Click on the Policy Brief title above or on the image to download EU-STRAT Policy Brief No.3

New policy brief on external actors in the Eastern neighbourhood

EU-STRAT Policy Brief No. 2 shares the results of analysis on the strategies of the EU and other external actors towards the EaP region, which can be either competing or complementary. Recommendations are made for how the EU can engage with these actors (Russia, China, NATO, the U.S., international finance institutions, EU member states) across the fields of trade, energy, security and migration, to ensure greater coherence and positive impact.

Policy Brief No.2 (2018): The EU and other external actors in the Eastern neighbourhood: Maximizing the transformative impact

Marta Jaroszewicz, Tadeusz Iwański, Kamil Całus, Dovilė Jakniūnaitė, Laurynas Jonavičius, Margarita Šešelgytė, Ramūnas Vilpišauskas, and Elyssa Shea

Click on the Policy Brief title above or on the image to download EU-STRAT Policy Brief No.2


Looking back at EU-STRAT’s Midterm Conference in Vilnius

A year on, we look back at our Midterm Conference, which took place from 5-6 October 2017 at Vilnius University’s Institute of International Relations and Political Science. Enjoy conference snippets and highlights in this short video!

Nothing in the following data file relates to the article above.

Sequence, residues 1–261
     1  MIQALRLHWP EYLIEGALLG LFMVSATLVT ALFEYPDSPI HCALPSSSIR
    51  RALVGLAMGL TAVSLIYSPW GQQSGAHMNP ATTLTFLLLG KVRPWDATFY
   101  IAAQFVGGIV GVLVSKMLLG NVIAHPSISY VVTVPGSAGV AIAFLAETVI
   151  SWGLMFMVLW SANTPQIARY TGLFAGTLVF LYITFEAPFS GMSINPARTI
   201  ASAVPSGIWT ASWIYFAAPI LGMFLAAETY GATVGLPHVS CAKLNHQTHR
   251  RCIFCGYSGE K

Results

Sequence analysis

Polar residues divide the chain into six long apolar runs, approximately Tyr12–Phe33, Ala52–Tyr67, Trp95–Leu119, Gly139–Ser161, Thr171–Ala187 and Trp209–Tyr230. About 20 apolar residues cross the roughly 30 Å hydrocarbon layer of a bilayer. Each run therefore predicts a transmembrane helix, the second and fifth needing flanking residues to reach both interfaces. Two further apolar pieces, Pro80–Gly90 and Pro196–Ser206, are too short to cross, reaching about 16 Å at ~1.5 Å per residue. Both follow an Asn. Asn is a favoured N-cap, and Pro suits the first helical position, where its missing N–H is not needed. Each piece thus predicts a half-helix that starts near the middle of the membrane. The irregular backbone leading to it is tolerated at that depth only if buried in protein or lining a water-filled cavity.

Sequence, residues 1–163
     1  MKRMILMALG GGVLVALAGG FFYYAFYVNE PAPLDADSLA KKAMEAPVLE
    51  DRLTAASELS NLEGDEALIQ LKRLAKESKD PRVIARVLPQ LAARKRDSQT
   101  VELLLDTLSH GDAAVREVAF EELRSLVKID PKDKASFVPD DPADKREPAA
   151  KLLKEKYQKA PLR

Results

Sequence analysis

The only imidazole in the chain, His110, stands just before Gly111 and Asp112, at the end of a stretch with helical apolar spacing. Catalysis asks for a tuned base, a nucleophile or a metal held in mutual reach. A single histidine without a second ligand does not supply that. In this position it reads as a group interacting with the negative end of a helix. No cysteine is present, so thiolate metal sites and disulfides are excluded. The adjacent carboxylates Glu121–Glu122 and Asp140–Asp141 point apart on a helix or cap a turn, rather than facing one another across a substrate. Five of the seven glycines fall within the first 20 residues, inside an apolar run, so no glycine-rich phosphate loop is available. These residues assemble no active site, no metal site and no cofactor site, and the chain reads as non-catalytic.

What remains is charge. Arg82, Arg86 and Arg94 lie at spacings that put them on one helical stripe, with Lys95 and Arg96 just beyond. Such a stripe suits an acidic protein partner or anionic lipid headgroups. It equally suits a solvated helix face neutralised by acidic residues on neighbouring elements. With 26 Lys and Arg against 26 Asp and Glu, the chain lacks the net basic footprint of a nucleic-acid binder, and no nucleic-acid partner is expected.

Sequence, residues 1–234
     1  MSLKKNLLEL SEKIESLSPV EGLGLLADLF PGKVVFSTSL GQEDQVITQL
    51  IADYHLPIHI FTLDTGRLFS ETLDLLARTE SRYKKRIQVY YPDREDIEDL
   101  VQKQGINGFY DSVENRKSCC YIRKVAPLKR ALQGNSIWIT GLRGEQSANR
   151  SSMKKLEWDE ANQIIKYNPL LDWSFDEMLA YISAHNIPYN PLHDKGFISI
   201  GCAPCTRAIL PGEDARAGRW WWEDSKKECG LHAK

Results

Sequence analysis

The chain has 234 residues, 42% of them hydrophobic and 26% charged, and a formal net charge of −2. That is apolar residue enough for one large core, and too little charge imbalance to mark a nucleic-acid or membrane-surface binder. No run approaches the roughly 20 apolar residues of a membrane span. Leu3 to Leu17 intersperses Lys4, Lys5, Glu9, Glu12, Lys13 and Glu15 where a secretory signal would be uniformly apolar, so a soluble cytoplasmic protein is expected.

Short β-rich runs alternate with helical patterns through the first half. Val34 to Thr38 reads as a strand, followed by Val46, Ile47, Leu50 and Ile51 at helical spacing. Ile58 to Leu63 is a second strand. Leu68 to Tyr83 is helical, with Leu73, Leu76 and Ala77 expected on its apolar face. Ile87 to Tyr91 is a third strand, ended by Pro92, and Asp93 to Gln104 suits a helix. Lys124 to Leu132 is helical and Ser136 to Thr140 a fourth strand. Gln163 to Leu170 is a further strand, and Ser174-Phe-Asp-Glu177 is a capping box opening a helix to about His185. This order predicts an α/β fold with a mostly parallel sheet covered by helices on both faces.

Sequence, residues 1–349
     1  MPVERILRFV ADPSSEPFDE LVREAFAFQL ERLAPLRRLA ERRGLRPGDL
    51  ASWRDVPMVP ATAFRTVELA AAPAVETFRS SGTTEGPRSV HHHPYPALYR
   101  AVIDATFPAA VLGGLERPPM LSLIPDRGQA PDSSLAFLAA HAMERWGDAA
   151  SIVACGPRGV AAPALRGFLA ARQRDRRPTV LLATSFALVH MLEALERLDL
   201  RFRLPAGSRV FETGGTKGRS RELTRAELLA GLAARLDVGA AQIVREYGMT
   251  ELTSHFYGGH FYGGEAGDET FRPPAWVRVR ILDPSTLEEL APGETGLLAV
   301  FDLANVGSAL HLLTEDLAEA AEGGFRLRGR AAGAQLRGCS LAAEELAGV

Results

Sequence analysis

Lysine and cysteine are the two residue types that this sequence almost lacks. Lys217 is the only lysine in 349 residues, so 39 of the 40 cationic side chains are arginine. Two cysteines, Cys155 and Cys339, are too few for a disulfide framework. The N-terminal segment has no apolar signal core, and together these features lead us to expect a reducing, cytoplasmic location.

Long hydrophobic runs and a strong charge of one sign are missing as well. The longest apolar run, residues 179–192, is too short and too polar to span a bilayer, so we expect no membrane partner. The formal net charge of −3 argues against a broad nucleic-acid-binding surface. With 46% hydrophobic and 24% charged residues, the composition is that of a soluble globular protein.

If you would like to know more about the conference and read about the keypoints of all the discussions which took place during the event please take a look at the report summarizing the EU-STRAT’s midterm conference and its findings.

Workshop in Bucharest: The Present and Future of Secessionists Conflicts

On 7 July, the Center for Governance and Culture in Europe at the University of St Gallen together with the Leibniz Institute for East and South East European Studies Regensburg organized a one-day workshop on the future of secessionist conflicts in the wider Black Sea region. The event was held in Bucharest at the New Europe College and brought together mostly young researchers from Germany, Switzerland, Georgia, Romania, Bosnia-Herzegovina, Czechia, Russia, Azerbaijan and Moldova. In three sessions, participants sought to establish the state of the art in the field of research on secessionist conflicts and – inspired by the University of St Gallen’s research as part of EU-STRAT’s work package 3 – to deliberate on the interdependencies of different secessionist conflicts.

Panel I explored the issue of commonalities and differences between protracted conflicts by focusing on the cases of Abkhazia, South Ossetia, Crimea and Republika Srpska. For one, it touched upon the philosophical question of under which circumstances secession can be justified and whether in the wake of Putin’s justification for annexing Crimea secession may become regularized rather than remain reserved only to extremely oppressed peoples. The argument was made that the Russian foreign policy elite’s approaches to separatist statelets changed not in 2014 but in 2008 following the war in Georgia and Kosovo’s declaration of independence. Moreover, it was emphasized how important not only the ethnic imaginary but also an idealized memory of the Socialist social order was for secessionism and how detrimental intrusive policies by the EU could be – for instance in Bosnia-Herzegovina – for the growth of a culture of democratic accountability.